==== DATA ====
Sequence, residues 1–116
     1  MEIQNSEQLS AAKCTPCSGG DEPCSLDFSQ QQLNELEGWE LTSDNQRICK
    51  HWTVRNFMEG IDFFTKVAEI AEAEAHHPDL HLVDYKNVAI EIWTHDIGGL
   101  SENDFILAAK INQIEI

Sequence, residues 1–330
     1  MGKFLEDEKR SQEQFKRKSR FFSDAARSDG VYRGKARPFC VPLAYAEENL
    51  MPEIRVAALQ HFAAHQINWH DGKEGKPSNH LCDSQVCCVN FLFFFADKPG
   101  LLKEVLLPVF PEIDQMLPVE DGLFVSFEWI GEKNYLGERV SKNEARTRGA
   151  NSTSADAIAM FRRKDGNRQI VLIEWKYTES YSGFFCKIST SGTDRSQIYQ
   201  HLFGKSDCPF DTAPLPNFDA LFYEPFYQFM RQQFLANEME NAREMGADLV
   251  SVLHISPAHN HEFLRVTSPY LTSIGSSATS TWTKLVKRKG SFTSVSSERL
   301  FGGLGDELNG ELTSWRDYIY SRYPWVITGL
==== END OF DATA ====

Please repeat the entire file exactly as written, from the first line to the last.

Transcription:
Sequence, residues 1–116
     1  MEIQNSEQLS AAKCTPCSGG DEPCSLDFSQ QQLNELEGWE LTSDNQRICK
    51  HWTVRNFMEG IDFFTKVAEI AEAEAHHPDL HLVDYKNVAI EIWTHDIGGL
   101  SENDFILAAK INQIEI

Sequence, residues 1–330
     1  MGKFLEDEKR SQEQFKRKSR FFSDAARSDG VYRGKARPFC VPLAYAEENL
    51  MPEIRVAALQ HFAAHQINWH DGKEGKPSNH LCDSQVCCVN FLFFFADKPG
   101  LLKEVLLPVF PEIDQMLPVE DGLFVSFEWI GEKNYLGERV SKNEARTRGA
   151  NSTSADAIAM FRRKDGNRQI VLIEWKYTES YSGFFCKIST SGTDRSQIYQ
   201  HLFGKSDCPF DTAPLPNFDA LFYEPFYQFM RQQFLANEME NAREMGADLV
   251  SVLHISPAHN HEFLRVTSPY LTSIGSSATS TWTKLVKRKG SFTSVSSERL
   301  FGGLGDELNG ELTSWRDYIY SRYPWVITGL